The second graphic novel of the Miss Peregrine series continues to follow the prose novels closely. The action begins immediately as the children flee from the monstrous wights and hollowgasts that raided their time loop and hurt Miss Peregrine. They exit Miss Peregrine’s loop in 1940 and escape to mainland Wales, where they find a different loop full of peculiar creatures. The creatures tell them about another ymbryne like Miss Peregrine, named Miss Wren, who might be able to help them if they can get to her in London.
The trip to London is full of dangers and setbacks, during which all the children are called upon to use their powers as a team to defend themselves, intensifying the bonds that unite them. This includes Jacob, who finds that apart from just being able to see hollowgasts, he can also sense them and predict what their next moves will be. Their journey leads to a final plot twist, a tense standoff, and a nail-biting cliffhanger that will have readers clamoring for the final book in the trilogy.
This is no slow, sleepy, exposition-heavy middle novel. The action moves at a breakneck pace despite some text-heavy pages, fully taking advantage of the perilous backdrop of 1940s Europe and blending it seamlessly with the extreme danger the children face in trying to evade or fight their enemies. The wights, though they look human in almost every respect, are even more horrifying than the monstrous-looking hollowgasts. This is because the wights’ cunning and cruelty is focused on manipulating the group of children, twisting their bonds of friendship with one another and their loyalty to Miss Peregrine to the wights’ own ends.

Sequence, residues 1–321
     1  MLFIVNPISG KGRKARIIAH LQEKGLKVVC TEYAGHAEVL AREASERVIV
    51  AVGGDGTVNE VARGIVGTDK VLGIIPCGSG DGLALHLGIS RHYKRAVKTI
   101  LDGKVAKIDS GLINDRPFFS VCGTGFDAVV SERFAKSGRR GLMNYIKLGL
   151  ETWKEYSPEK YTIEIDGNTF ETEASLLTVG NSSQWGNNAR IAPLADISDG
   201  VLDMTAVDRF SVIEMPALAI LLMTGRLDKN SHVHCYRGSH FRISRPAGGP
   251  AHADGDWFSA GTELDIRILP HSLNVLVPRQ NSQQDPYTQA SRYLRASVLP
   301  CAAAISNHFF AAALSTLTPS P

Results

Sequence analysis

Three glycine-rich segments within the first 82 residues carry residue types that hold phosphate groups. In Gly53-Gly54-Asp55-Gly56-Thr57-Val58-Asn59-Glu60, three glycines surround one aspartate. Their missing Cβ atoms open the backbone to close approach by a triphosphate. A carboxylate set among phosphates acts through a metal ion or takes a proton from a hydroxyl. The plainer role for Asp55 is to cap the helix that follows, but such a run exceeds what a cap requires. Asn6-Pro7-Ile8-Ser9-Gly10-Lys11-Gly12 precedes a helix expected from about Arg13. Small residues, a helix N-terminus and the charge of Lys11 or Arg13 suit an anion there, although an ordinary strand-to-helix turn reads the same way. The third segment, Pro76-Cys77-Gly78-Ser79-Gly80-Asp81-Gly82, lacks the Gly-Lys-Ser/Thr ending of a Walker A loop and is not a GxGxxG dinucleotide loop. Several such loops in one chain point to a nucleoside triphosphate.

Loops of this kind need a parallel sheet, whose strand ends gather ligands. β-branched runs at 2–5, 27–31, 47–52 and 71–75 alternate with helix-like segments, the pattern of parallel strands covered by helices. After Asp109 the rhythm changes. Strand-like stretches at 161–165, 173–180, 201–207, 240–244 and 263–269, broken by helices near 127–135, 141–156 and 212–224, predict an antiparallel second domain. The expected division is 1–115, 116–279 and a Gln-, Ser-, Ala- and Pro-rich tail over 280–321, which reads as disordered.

Readers who enjoy a bit of romance in their fantasy novels will be gratified to see the relationship between Jacob and Emma intensifying in this volume. This, in addition to an instance of very mild language, a panel where Emma flips the bird to a bossy, brash peculiar, and the intense plot I described above probably all contribute to the Teen rating assigned by the publisher.
The artwork by Cassandra Jean does a great job of integrating the creepy photos that were the inspiration for, and the centerpieces of, the prose novels. Occasionally, they’re used like individual panels, but often they’re integrated into the overall artwork of each page, which frequently escapes the panels or forgoes them altogether. This freewheeling style not only carries the brisk momentum of the story, but it also emphasizes the idea of being “peculiar” and not adhering to normal conventions or ideas about what is possible.
Jean’s use of color vs. black and white adds interest to the story. The scenes most saturated in color occur in September of 1940, the time immediately after Miss Peregrine’s original loop. Scenes that take place outside that time—either within a different loop, during a dream or a flashback, or even in the present day—are very minimalist in feel as they are almost totally rendered in black and white with small splashes of color for dramatic effect.
Readers aged 13 and older (and probably some mature 11-12-year-olds) who enjoy scary, action-packed fantasy stories will love this graphic novel series. Older readers who enjoyed Matt Gardner’s Alabaster Shadows, and possibly some Gotham Academy fans, should definitely pick this up.
Hollow City: The Second Novel of Miss Peregrine’s Peculiar Children: The Graphic Novel
Original story by Ransom Riggs
Adaptation and art by Cassandra Jean
Yen Press, 2016
Publisher Age Rating: Teen